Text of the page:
Unloading cargo at Novo station - © International Polar Foundation / Jos van Hemelrijck

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Scientists arrive at station as season enters full swing

The 2014-15 season is in full swing now that the first batch of scientists have finally arrived. The new arrivals get acquainted with life at the station and go for crevasse training.

A tiring journey

Having left Cape Town late Tuesday evening on a red-eye to Antarctica, the scientists, doctor, journalist, field guide and teacher from the Polar Quest contest arrived at the Russian Novolazarevskaya (“Novo”) station on the coast of East Antarctica in the early morning hours of Wednesday, November 19th.

With such a large group of new arrivals and lots of scientific equipment to transport, it was necessary to take two separate connecting flights to the Princess Elisabeth station. Part of the group flew to the Princess Elisabeth late Wednesday afternoon, while the remainder stayed behind to spend a night at Novo before taking the next available flight on Thursday morning.

An emotional return

Belgian journalist Jos van Hemelrijck, who had last seen the Princess Elisabeth station in 2008 when it was still being built on Utsteinen Ridge, was part of the first group who arrived on Wednesday evening.

“We arrived at Princess Elisabeth yesterday night with a first feeder flight from Novo in a party of seven, which included the young scientists, the doctor Jacques Richon, and Roger Radoux, the Polar Quest teacher,” Jos recalled. “It was a happy moment to return to Utsteinen after six years. I confessed to Jaques that it was quite an emotional moment for me. He said the first sight of this place when you arrive throws him time after time.”

Welcoming the new arrivals

Now that all the scientists have arrived, the station is in full swing for the season! The staff is working long hours to make up for the time lost when the first crew was delayed for nearly a week in Cape Town.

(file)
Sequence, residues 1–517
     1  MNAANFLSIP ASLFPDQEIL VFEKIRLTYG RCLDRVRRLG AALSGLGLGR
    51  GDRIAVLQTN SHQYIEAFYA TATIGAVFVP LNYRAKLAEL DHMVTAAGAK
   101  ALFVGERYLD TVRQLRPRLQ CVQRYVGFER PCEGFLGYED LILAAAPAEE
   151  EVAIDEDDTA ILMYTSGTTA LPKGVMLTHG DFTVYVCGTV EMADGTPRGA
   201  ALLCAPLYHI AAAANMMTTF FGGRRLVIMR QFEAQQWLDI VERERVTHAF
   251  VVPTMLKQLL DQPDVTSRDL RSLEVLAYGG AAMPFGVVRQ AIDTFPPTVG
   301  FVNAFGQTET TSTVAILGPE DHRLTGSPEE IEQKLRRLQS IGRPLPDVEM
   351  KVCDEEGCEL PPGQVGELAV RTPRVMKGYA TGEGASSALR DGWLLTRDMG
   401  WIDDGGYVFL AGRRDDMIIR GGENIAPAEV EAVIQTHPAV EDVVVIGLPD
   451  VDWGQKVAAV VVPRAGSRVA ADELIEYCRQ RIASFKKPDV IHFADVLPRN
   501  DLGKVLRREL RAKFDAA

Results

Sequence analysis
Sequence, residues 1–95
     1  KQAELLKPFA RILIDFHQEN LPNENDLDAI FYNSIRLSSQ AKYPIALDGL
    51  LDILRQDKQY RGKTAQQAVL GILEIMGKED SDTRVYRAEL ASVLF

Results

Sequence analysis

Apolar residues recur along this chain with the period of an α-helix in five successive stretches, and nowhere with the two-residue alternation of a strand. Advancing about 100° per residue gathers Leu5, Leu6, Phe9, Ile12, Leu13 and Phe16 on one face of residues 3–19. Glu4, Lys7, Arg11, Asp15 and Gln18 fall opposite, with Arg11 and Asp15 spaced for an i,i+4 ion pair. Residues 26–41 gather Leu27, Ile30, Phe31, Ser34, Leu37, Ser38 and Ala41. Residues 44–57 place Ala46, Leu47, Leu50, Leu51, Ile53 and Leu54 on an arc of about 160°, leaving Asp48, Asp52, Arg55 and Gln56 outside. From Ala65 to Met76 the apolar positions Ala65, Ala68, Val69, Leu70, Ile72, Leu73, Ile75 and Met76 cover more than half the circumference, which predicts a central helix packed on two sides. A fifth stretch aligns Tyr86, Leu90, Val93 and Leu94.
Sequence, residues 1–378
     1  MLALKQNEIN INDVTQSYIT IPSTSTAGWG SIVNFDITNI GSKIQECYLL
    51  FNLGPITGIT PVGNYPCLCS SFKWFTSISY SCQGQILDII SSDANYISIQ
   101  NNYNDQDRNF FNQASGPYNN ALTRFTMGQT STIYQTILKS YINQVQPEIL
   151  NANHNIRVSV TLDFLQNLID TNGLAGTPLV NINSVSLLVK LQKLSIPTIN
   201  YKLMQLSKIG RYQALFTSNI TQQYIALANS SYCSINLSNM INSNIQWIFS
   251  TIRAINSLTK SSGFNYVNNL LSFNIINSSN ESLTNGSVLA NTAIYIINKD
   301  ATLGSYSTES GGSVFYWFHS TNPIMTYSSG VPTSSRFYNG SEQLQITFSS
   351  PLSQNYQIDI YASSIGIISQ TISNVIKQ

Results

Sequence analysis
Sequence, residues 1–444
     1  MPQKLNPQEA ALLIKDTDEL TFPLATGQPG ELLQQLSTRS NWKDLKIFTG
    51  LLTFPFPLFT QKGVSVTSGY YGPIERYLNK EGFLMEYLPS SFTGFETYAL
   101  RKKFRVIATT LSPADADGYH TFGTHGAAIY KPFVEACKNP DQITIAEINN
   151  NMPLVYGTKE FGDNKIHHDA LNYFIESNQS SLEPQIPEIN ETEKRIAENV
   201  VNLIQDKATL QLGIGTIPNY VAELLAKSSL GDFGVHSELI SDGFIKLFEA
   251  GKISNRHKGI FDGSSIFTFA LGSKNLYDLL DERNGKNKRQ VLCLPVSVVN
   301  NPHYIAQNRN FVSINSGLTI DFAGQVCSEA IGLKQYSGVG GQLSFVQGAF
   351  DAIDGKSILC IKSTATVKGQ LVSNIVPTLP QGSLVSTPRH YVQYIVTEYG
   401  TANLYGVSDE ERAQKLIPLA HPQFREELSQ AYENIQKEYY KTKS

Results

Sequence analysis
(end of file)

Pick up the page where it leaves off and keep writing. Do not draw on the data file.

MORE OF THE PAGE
Alain welcomed the new arrivals with a briefing on daily life and how things work at the station. Living with several other people at a remote research station where energy and water use must be optimized takes some getting used to. Things need to work like clockwork in order to have a smooth living experience at the station.

Crevasse training

On Thursday afternoon, field guide Raphael "Raphie" Richard and doctor Jacques Richon led a field training exercise where they took the newcomers to a crevasse zone 7 km away from the station. Crevasses are deep cracks in the upper layer of the ice sheet that form naturally from as the ice sheet flows. They are a potential hazard, especially if a person falls into a deep one. Knowing how to identify a crevasse and rescue someone from it is essential knowledge when working in Antarctica.

During the training, InBev-Baillet Latour laureate Jan Lenearts got to play the injured victim as Dr. Richon demonstrated the procedures for taking care of someone once they had been rescued from falling into a crevasse. There was some excitement when Polar Quest teacher Roger Radoux and Icecon scientist Brice van Liefferinge got a bit of extra real-world training, when the block pulling them out of the crevasse broke. However as all precautions possible are taken during the training and both were well secured, they were not in any danger. But it was a good learning experience, as it reminded them of the importance of taking extra precautions in a place like Antarctica.

Field expeditions to start soon!

Soon the scientific field expeditions will be heading out to the plateau and the coast. Their equipment, transport and food supply are being readied for departure on Tuesday of next week, weather permitting.

Over the next few weeks, we'll talk to some of the scientists to learn more about the fascinating research they're working on this season.

Author: IPF

Picture: Unloading cargo at Novo station - © International Polar Foundation / Jos van Hemelrijck

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